A Young High School Graduate
Only two weeks after I graduated from high school, I started college with a hard and fast summer semester at Indiana University in South Bend- just a few miles from Notre Dame. I was enrolled in an accredited dental assisting program. At 17 years old, I was the youngest in every college class – my 18th birthday lurked in a not too distant future. The time commitment was huge as was the commute, thirty-eight miles each way on Indiana highways. I learned the quickest route and adjusted quickly to an extremely intense college schedule. I stayed (and liked) living at home and its affordability.
Summer Semester Gave Way to Fall
The drive became a bit more treacherous with rampant rains turning to snowy blizzards and icy roads. I kept my cool and drove carefully, safely. One late November early morning, as I turned off of Highway 2 onto US 20, my car headed off the edge of a snowy embankment even though I frantically tried to turn the wheel. The ice had its way with my steering, there was none. Turning into the skid had no bearing given that my little convertible Fiat Sport refused to obey any direction I gave. The snow became my instant friend as I plowed hood first down a soft embankment, though I resisted plenty.
After coming to a stop, I pushed against deep snow, shoved my door open and climbed out of my car, with much difficulty, mind you. The small hill I had to climb up to get to the highway gave me a little trouble as I slipped and tumbled several times. I eventually appeared at the shoulder of the road, and looked both ways for the nearest farmhouse. After about a twenty-minute hoof, I knocked on a white door and asked if I could use a phone book and phone – this was pre-cell phone or any kind of internet. I reached a service station and a tow truck was dispatched forthwith.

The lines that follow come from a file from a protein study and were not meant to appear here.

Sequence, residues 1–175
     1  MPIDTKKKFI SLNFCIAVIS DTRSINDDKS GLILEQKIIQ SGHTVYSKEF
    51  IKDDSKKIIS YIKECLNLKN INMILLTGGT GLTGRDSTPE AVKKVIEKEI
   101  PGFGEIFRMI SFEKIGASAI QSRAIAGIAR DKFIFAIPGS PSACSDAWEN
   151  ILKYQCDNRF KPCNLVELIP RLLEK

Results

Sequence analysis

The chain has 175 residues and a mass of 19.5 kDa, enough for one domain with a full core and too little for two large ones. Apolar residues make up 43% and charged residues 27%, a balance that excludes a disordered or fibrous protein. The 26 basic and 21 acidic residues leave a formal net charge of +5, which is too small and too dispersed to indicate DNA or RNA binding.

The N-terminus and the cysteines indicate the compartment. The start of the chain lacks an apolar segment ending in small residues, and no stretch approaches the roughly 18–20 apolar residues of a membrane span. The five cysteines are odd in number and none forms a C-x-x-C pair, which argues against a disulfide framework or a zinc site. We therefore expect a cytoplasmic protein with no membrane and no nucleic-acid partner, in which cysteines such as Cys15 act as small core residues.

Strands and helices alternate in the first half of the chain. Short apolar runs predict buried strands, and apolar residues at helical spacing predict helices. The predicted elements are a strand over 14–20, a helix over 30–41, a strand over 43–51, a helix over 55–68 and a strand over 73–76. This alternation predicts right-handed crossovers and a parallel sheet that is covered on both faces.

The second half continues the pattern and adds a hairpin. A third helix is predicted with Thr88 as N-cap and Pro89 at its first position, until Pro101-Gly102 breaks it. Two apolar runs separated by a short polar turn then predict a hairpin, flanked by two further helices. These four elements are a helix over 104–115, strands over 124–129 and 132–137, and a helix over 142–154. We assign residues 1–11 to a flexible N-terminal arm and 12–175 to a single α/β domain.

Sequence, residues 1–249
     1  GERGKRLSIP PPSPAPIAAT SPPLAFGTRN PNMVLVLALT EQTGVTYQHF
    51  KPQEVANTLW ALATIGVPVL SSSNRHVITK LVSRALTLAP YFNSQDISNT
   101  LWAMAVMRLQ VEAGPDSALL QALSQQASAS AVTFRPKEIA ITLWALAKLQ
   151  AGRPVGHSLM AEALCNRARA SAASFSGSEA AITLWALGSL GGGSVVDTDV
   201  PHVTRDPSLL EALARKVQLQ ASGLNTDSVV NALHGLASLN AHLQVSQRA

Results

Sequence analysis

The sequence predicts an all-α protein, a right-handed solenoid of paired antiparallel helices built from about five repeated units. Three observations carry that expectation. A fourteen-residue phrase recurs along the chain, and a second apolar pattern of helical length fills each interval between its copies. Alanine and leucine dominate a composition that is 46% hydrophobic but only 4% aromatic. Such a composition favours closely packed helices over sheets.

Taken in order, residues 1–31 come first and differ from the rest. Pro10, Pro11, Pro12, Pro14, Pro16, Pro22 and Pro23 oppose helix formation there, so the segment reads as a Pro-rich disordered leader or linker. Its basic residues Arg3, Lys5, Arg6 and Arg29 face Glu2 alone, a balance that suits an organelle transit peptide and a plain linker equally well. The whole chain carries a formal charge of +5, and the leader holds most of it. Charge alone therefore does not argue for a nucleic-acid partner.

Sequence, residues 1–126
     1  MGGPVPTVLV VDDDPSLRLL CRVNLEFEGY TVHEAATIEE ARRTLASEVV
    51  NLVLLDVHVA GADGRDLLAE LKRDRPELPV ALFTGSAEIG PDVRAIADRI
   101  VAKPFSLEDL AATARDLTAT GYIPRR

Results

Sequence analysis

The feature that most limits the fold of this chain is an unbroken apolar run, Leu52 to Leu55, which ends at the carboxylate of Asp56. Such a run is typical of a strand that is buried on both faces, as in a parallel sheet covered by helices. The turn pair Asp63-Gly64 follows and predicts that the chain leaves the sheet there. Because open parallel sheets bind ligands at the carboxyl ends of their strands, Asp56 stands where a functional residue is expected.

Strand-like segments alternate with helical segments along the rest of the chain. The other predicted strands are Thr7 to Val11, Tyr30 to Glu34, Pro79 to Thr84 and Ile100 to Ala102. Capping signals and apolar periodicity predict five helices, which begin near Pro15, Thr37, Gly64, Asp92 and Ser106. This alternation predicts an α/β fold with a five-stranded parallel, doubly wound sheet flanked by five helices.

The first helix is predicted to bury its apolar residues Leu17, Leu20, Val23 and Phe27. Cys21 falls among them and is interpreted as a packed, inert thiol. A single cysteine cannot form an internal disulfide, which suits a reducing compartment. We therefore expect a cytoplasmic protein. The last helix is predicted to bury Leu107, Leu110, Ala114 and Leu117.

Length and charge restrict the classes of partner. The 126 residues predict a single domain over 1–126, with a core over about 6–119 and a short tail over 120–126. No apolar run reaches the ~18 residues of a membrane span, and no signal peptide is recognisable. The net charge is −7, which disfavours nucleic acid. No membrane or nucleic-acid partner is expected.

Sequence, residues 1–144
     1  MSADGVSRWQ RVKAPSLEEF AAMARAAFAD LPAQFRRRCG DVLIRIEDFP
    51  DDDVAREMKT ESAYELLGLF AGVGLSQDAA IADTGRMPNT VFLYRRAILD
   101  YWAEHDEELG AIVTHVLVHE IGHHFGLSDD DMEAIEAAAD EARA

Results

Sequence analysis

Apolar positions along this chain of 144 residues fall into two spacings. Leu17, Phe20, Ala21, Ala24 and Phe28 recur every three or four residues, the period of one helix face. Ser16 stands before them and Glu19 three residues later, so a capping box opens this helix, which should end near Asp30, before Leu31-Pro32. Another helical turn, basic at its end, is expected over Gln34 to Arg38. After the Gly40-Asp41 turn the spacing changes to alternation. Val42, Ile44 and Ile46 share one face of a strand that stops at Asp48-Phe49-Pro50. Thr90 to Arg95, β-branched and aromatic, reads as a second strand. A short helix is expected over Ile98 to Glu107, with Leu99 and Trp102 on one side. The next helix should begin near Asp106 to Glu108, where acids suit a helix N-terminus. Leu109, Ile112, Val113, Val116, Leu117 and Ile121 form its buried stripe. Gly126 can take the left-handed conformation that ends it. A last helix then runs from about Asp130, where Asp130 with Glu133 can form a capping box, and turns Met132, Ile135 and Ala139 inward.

Forty minutes later, my car was pulled out of the snow by a tow truck wench, potential damage surveyed – there was none and I was back on the road having missed my first class – I am sure it was Clinical Science or a lab of some kind. I paid the tow truck driver my $15 cash, every cent I had on me, and went on my way. I had been terrified but too busy and eager to get to school to notice my terror until much later that day. I had a duty to fulfill and that fulfillment was all I could think about. My youth, now being eighteen, got in the way of being afraid, of knowing better, of driving-on-ice experience… I just did what I thought I needed to do in order to get to my destination.
Keep Your Eye on the Destination
The journey and its effect, its danger, became secondary because I could only see the light at the end of US 20 –> the parking lot in front my school. Life is full of roadblocks and snow banks, black ice and poor brakes. Keeping your eye on the destination may not prepare you for the mishaps and detours but it will push you through them. It did for me. It does for me. Keeping an eye on the prize makes the race less crazy, less scary, less risky. If it’s what you truly want – no greasy, tattooed, and toothless tow truck driver will get in your way.
Driven, motivated, inspired, ambitious, encouraged.
by Rayanne Thorn